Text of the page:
We are checking the use of Grade instead of Maven. But the Gradle integration in IntelliJ seems to leak one major feature that the Maven integration provides: Resolve dependencies in project.
Background: We are developing several libraries with dependencies between each other. The libraries are located in separate GIT repositories and are mainly developed independently. However, sometime a new feature requires changes in several libraries.
With Maven this is not a problem: Create a project and import the libraries as Maven modules. When the version number fits, the project modules are resolved instead of the Maven repository binaries. So “Go to source” and refactoring are working well.
But the same scenario with Gradle is not working: only the Maven repository binaries are resolved and so there is no support to go to the actual code or to perform a refactoring.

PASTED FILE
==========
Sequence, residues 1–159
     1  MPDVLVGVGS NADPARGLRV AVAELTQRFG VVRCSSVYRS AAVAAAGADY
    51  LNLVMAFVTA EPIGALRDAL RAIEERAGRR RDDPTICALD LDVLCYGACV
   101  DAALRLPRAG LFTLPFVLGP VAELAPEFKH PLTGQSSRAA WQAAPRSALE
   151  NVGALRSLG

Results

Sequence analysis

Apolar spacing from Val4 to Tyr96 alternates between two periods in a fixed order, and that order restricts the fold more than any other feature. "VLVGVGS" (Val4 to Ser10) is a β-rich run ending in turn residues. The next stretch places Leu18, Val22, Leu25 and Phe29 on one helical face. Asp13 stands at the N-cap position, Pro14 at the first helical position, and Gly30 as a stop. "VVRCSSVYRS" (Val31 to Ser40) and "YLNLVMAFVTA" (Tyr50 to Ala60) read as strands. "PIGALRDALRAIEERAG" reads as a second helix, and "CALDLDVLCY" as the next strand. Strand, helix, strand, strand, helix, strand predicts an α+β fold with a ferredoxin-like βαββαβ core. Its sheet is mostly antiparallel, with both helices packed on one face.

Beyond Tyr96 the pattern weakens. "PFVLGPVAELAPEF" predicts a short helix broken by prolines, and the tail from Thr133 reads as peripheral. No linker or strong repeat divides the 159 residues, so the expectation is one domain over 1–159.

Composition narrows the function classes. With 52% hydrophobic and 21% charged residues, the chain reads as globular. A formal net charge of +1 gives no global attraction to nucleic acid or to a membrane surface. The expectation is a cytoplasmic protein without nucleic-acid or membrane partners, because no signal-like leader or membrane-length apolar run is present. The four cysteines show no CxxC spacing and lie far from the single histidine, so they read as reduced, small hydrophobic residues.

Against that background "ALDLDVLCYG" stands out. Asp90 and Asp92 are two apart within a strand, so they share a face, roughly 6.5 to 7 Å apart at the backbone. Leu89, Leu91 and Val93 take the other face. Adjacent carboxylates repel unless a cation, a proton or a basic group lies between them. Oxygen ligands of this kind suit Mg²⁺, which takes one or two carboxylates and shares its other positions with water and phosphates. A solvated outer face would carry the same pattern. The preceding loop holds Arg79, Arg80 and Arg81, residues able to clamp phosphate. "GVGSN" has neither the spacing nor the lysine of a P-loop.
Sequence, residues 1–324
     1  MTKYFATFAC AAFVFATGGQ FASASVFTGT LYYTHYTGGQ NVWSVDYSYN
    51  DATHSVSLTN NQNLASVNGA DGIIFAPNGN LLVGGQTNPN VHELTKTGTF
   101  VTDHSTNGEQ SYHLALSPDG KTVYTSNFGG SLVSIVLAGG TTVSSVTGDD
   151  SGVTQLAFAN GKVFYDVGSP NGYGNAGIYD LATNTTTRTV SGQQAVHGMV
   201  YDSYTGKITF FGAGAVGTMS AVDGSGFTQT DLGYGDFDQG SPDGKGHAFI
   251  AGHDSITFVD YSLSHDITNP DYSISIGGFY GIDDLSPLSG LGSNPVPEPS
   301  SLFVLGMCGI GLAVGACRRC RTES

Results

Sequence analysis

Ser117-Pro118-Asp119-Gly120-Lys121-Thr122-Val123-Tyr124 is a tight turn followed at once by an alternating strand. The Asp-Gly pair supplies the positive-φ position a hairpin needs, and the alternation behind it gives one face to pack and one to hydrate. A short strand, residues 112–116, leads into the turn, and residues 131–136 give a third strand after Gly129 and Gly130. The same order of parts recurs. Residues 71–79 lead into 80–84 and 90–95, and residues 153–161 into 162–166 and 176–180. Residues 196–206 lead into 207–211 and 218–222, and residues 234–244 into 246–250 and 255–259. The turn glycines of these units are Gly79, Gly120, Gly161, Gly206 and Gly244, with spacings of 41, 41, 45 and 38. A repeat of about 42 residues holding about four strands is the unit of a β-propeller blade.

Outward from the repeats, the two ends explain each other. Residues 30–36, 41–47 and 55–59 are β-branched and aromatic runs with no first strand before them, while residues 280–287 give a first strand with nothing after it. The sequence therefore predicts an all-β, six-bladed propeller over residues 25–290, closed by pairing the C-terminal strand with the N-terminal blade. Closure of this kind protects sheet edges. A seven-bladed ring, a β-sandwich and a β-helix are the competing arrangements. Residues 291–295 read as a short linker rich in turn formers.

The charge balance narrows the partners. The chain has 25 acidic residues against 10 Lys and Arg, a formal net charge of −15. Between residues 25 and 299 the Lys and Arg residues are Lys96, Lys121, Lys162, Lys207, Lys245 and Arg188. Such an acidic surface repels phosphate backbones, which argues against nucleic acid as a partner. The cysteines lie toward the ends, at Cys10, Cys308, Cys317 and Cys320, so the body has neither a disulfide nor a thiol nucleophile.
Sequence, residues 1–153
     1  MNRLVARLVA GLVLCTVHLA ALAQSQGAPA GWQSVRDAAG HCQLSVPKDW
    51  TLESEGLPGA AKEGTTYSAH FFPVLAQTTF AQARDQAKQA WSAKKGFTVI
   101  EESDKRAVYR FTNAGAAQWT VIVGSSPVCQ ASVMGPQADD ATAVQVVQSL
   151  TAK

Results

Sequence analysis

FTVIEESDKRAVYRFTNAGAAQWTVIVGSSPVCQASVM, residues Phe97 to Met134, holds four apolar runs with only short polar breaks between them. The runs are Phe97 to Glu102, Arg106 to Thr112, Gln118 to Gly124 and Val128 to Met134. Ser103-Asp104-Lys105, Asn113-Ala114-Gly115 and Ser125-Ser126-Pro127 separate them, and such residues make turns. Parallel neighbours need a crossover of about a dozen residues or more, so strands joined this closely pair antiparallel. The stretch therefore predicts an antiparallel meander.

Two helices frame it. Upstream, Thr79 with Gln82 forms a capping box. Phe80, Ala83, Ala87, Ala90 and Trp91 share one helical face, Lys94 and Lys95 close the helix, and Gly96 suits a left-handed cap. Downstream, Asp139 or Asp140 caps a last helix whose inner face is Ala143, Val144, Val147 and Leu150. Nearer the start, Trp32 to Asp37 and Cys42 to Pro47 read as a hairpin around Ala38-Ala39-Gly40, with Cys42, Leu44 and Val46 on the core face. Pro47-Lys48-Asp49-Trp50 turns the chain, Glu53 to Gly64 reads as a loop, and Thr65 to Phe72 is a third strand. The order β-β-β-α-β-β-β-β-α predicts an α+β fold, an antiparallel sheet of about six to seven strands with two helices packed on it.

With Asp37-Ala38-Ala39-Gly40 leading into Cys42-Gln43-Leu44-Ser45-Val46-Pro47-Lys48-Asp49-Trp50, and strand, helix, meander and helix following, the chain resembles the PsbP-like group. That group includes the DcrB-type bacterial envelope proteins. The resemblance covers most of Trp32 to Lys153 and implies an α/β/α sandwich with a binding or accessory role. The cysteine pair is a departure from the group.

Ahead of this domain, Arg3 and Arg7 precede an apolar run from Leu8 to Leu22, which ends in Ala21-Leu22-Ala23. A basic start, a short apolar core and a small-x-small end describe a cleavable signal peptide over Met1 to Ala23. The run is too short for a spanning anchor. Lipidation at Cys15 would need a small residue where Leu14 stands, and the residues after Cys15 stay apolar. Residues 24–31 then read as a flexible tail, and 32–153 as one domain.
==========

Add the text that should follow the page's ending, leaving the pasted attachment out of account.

To get a similar behaviour as with Maven, I only see the “composite builds” feature of Gradle. But this has several disadvantages:
- In the “settings.gradle.kts” there must be the path to the other build. As the libraries are in several GIT repositories, every developer has to check it out in an equal folder hierarchy to let it work. Also each developer has to check out all GIT repositories, even if he only works on one library module.
- Also the version number seams not to be respected: the referenced build is always used, even if the given version number in the dependency declaration is different. The Maven repository binaries should be used in such a case.
Is my observation correct, or did I something wrong. If I am right, are there any plans to improve the Gradle integration in IntelliJ to fix this?